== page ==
Stop fighting extremes with extremes.
Posted Aug 28, 2017
Stop fighting extremes with extremes. It always backfires. Hate is not the answer, but neither is love. Pretending love is the answer fuels the hate-is-the-answer extremists because it's so extreme and unrealistic and makes you look a fool. Just like their "hate is the answer" looks to you.
Love is the question. Has to be. The more you love one thing the more you loathe the opposite. If you love equality, you hate inequality. And don't mince words about it.
We don't just have to get along with each other. We have to get along with bedrock reality and the bedrock where the living meet it is not moral principles but moral dilemmas: What among the options available is the best bet?
Reality's bedrock is not whatever extreme and simplistic principle you identify with. The bedrock rocks back and forth. It tips us toward loving some things and hating others.
Identifying with moral principles is often simply overcorrection, taking an overstep in the right direction. You were too loving, you got burned, and now you think hate is the answer. You were too hateful, you got burnt and now you think love is the answer.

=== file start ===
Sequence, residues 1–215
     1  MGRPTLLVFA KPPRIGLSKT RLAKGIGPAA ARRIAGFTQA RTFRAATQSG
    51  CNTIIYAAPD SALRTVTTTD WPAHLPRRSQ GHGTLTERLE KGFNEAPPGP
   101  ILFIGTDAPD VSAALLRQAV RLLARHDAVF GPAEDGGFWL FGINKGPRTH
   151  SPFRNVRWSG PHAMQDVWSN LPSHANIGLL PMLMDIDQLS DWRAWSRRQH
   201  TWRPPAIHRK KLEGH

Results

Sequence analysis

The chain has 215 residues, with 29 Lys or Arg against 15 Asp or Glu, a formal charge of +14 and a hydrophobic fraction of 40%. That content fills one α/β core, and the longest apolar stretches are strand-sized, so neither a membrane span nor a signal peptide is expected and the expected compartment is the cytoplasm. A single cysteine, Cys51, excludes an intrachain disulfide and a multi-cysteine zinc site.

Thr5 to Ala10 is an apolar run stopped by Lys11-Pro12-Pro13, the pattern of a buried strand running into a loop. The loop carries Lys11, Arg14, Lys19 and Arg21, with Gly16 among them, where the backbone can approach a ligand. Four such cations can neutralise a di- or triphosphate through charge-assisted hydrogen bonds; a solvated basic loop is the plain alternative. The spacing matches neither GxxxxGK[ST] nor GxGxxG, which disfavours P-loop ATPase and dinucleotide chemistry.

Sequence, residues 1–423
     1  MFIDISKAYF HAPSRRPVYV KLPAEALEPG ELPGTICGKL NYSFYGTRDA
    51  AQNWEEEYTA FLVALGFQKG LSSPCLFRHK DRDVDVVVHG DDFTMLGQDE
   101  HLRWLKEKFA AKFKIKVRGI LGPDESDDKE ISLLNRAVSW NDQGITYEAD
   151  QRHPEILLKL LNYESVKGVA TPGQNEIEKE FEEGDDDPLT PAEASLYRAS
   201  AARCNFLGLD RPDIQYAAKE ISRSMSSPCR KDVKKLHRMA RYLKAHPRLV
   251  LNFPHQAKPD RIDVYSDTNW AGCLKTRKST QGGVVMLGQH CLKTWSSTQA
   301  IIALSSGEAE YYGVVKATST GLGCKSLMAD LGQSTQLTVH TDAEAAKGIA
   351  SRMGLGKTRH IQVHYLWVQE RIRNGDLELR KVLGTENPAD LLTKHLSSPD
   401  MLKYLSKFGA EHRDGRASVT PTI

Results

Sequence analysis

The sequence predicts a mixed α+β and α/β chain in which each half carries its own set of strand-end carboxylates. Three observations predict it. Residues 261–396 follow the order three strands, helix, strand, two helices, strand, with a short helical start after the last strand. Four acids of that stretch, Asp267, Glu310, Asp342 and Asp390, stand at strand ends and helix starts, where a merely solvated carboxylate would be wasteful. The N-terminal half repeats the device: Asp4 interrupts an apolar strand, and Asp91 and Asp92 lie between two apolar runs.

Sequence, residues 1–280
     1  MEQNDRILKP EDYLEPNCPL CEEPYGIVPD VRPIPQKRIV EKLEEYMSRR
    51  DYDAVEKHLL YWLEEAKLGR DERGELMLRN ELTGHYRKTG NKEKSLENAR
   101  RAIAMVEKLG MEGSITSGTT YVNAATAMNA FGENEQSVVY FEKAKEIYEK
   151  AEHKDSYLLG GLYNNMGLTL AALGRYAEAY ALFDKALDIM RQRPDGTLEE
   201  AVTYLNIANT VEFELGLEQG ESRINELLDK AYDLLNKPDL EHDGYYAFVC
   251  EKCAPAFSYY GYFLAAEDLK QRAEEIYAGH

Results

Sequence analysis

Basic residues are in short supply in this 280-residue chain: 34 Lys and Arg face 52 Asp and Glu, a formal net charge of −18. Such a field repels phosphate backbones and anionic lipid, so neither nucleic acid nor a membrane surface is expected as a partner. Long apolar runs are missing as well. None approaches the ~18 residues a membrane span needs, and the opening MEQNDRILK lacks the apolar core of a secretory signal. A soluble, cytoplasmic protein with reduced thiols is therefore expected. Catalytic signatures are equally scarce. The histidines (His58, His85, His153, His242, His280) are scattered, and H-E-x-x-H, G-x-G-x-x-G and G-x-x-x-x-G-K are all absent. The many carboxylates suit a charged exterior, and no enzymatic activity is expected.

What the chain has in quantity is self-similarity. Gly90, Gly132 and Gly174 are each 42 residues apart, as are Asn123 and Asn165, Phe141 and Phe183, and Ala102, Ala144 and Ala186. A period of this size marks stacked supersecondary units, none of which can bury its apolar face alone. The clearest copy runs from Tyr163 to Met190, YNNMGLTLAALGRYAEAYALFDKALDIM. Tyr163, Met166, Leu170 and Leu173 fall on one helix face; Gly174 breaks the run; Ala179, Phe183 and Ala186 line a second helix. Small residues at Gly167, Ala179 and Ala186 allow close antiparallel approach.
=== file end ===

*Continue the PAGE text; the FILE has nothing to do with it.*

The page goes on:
Maybe if you chant "love is the answer" you can nudge yourself toward being a little less hateful. More likely your oversimplification will stunt your growth on the real question: What to love; what to hate?
With reality confronting us with dilemmas like what to hate and what to love, we can't actually live by whatever principles we identify with. We can only pretend we live by them. Pretending, we end up mangling definitions. "You're wrong. I do so live by love is the answer. I wasn't hating those guys I was just lovingly suppressing the forces of evil. That's different."
Hard right: Tough is the answer.
Hard left: Love is the answer.
Hard center: Tough love is the answer.
Hard choices: Tough love is the question.
This applies not just to love and hate, but all extremes, open-mindedness vs. closed-mindedness, tolerance vs. intolerance, caring vs. not caring, the courage to try to change things vs. the serenity to accept things. The question isn’t whether to always have one or the other in the pair but when to do which.
Indeed you can’t have one without the other. Just like loving something is hating its opposite. Loving someone is hating their disappearance. It’s reflexive like your triceps and biceps.
Likewise, the courage to change things is acceptance of your standards as unchangeable. The serenity to accept things is the courage to change your standards. That’s why we quest for the wisdom to know the difference between things worth and not worth trying to change.
So again, stop swaggering about having found the extreme solution. You’re only kidding yourself and stunting your own cultivation of the wisdom to know the differences that make a difference.